Article Text

Original research
Risk-adapted chemoimmunotherapy using brentuximab vedotin and rituximab in children, adolescents, and young adults with newly diagnosed Hodgkin’s lymphoma: a phase II, non-randomized controlled trial
  1. Jessica Hochberg1,
  2. Jaclyn Basso1,
  3. Qiuhu Shi2,
  4. Liana Klejmont1,
  5. Allyson Flower1,
  6. Kristina Bortfeld1,
  7. Lauren Harrison1,
  8. Carmella van de Ven1,
  9. Chitti Moorthy3,
  10. Humayun Islam4,
  11. Perry Gerard3,
  12. Stephan Voss5 and
  13. Mitchell S Cairo1,4,6,7,8
  1. 1Pediatrics, New York Medical College, Valhalla, New York, USA
  2. 2Epidemiology and Community Health, New York Medical College, Valhalla, NY, USA
  3. 3Radiology, New York Medical College, Valhalla, New York, USA
  4. 4Pathology, New York Medical College, Valhalla, New York, USA
  5. 5Radiology, Boston Children's Hospital, Boston, Massachusetts, USA
  6. 6Medicine, New York Medical College, Valhalla, New York, USA
  7. 7Microbiology & Immunology, New York Medical College, Valhalla, New York, USA
  8. 8Cell Biology & Anatomy, New York Medical College, Valhalla, New York, USA
  1. Correspondence to Dr Mitchell S Cairo; mitchell_cairo{at}


Background Cure rates for Hodgkin’s lymphoma are excellent, but excess short-term and long-term morbidities from treatment remain a concern. Immunotherapy targeting both tumor antigens and the immunosuppressive tumor microenvironment in children, adolescents, and young adults with Hodgkin’s lymphoma may improve early response rates and eliminate toxic chemotherapy and radiation, thus minimizing toxicity. We conducted a phase II study to evaluate the safety and overall response rate of brentuximab vedotin and rituximab in combination with risk-adapted chemotherapy in children, adolescents, and young adults with newly diagnosed classic Hodgkin’s lymphoma (cHL).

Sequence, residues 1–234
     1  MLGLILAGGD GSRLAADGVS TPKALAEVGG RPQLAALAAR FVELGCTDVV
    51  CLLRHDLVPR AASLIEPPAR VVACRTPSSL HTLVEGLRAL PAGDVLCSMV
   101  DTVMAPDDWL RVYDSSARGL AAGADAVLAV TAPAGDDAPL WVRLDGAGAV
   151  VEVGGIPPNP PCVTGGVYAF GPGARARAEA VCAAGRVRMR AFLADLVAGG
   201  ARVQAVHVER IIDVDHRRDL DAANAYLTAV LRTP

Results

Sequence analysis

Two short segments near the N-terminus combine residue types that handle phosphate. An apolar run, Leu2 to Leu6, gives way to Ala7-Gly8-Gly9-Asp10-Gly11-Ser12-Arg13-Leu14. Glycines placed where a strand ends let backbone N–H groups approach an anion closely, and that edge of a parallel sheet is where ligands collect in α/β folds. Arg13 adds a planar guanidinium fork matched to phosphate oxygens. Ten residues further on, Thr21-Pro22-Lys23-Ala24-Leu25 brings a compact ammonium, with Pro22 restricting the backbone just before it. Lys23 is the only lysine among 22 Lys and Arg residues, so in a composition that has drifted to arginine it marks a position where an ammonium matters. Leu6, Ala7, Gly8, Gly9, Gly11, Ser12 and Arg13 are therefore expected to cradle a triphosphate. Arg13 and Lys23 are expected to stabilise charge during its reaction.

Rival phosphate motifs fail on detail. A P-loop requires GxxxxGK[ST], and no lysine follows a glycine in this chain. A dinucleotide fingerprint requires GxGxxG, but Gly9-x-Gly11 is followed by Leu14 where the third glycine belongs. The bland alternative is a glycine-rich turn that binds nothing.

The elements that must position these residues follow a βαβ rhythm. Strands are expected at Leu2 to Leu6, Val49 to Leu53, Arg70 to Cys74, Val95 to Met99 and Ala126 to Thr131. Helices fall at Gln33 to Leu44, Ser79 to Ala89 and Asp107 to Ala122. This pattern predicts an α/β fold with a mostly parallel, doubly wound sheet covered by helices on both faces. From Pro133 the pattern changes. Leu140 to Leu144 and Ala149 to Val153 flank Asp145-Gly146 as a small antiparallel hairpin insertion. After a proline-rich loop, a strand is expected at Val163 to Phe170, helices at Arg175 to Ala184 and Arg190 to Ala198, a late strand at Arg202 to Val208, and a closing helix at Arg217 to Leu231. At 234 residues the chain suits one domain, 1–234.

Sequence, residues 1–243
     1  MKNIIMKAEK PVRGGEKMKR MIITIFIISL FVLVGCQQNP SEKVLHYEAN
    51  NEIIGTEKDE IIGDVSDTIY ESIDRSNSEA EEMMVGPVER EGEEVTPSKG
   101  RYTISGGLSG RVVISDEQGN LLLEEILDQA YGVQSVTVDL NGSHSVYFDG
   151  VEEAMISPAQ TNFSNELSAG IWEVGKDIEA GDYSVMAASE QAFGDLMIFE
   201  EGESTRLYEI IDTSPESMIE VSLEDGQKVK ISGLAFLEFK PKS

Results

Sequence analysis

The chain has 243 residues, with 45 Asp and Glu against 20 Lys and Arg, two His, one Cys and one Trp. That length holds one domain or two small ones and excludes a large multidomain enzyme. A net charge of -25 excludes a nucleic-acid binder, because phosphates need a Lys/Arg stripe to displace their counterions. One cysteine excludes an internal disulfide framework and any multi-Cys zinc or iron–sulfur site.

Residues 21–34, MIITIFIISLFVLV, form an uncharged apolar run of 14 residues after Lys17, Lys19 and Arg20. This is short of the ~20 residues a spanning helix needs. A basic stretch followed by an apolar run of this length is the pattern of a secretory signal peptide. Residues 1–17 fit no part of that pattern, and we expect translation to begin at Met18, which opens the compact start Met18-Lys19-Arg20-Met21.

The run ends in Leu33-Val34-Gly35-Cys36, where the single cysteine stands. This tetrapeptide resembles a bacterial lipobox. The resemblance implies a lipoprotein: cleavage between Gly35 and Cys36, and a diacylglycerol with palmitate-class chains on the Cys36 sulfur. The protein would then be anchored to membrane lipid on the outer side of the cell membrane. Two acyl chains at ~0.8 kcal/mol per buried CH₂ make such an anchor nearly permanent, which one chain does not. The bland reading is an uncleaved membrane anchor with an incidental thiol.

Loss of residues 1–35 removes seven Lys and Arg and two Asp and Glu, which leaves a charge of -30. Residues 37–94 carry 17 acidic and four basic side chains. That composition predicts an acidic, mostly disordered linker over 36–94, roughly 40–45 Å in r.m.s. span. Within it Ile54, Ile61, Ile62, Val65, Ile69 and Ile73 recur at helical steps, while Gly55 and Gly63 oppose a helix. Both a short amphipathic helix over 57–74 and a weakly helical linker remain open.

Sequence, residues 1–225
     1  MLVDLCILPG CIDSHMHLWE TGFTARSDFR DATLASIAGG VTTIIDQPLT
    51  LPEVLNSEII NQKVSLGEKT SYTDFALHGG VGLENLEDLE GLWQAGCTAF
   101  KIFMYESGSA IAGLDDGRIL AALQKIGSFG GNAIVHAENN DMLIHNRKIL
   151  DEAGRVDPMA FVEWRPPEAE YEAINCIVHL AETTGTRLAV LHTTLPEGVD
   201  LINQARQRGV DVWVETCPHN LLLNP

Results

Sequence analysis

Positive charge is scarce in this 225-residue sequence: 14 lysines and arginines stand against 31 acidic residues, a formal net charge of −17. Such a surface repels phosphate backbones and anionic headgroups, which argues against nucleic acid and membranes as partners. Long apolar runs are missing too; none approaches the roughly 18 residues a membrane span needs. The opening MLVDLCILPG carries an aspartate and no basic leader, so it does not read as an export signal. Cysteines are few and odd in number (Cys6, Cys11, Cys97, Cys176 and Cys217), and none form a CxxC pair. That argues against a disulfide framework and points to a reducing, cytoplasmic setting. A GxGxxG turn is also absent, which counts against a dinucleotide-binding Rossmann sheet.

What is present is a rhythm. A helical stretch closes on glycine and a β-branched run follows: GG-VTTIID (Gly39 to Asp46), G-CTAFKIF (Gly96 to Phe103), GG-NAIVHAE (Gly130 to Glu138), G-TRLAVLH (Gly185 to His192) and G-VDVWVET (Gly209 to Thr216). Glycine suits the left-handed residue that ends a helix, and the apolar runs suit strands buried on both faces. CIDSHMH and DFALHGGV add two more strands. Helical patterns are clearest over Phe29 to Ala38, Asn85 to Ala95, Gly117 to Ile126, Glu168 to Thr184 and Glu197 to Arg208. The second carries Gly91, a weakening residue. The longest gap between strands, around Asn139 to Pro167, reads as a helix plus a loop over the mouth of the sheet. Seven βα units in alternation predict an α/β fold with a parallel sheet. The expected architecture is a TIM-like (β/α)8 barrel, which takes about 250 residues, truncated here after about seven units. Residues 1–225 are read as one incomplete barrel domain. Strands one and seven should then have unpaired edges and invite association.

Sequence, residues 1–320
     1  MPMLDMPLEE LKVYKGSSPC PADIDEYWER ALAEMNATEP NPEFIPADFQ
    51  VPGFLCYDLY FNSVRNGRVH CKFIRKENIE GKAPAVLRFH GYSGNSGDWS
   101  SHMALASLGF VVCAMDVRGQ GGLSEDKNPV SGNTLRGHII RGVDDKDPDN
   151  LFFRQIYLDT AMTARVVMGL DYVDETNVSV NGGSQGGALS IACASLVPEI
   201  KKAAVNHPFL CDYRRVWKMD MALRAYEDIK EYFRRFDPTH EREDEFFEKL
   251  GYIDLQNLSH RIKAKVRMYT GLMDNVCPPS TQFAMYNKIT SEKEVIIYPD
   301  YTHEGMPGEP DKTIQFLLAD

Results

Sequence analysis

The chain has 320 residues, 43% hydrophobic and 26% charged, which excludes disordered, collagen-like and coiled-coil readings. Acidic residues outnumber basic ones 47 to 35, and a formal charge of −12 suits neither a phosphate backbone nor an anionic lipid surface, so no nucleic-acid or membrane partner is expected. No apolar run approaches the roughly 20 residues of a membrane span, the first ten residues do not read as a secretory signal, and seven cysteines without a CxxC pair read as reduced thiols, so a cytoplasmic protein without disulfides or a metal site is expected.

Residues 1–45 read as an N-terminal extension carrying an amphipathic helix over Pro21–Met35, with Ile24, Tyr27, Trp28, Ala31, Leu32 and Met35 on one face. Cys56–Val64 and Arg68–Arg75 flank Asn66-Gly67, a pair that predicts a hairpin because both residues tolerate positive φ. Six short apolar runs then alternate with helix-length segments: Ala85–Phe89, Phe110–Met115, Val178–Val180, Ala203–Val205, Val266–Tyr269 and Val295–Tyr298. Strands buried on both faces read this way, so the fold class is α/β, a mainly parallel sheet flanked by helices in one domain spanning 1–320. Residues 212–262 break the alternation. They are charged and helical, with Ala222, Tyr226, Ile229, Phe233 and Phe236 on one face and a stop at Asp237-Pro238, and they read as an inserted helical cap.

Methods This is a prospective, phase II, non-randomized, risk-assigned study. Patients were treated and evaluated between 2012 and 2020. Eligible patients were aged ≥1 and ≤30 years old with advanced stage, intermediate-risk, and high-risk newly diagnosed cHL. Patients received four or six cycles of brentuximab vedotin (1.2 mg/kg), doxorubicin (25 mg/m2), vinblastine (6 mg/m2), dacarbazine (375 mg/m2), and rituximab (375 mg/m2). Early response was evaluated following two cycles of therapy. Involved field radiotherapy (IFRT) was restricted to high-risk patients with both bulky disease and slow response or those not in complete response at the end of chemoimmunotherapy.

Results Thirty patients were enrolled, with a median age of 15 years (4–23). There were 18 intermediate-risk and 12 high-risk patients. Toxicities included grade III mucositis (3%), infusion reaction (3%), and peripheral neuropathy (6%). There was a 100% complete response rate on completion of chemoimmunotherapy. Eighteen patients (60%) achieved a rapid early response. Four patients (13%) required IFRT. The 5-year event-free and overall survival rates were 100%, with a median follow-up of 62 months (18–105).

Conclusions Immunotherapy with brentuximab vedotin, rituximab, and risk-adapted chemotherapy is safe in children, adolescents, and young adults with newly diagnosed cHL. We have demonstrated 100% complete response and 100% event-free and overall survival rates at a median 5-year follow-up, with a significant reduction in use of more toxic chemotherapy and IFRT. A larger cohort is required to confirm these preliminary findings.

Trial registration number NCT02398240.

  • Immunotherapy
  • Pediatrics
  • Drug Therapy, Combination
  • Hematologic Neoplasms

Data availability statement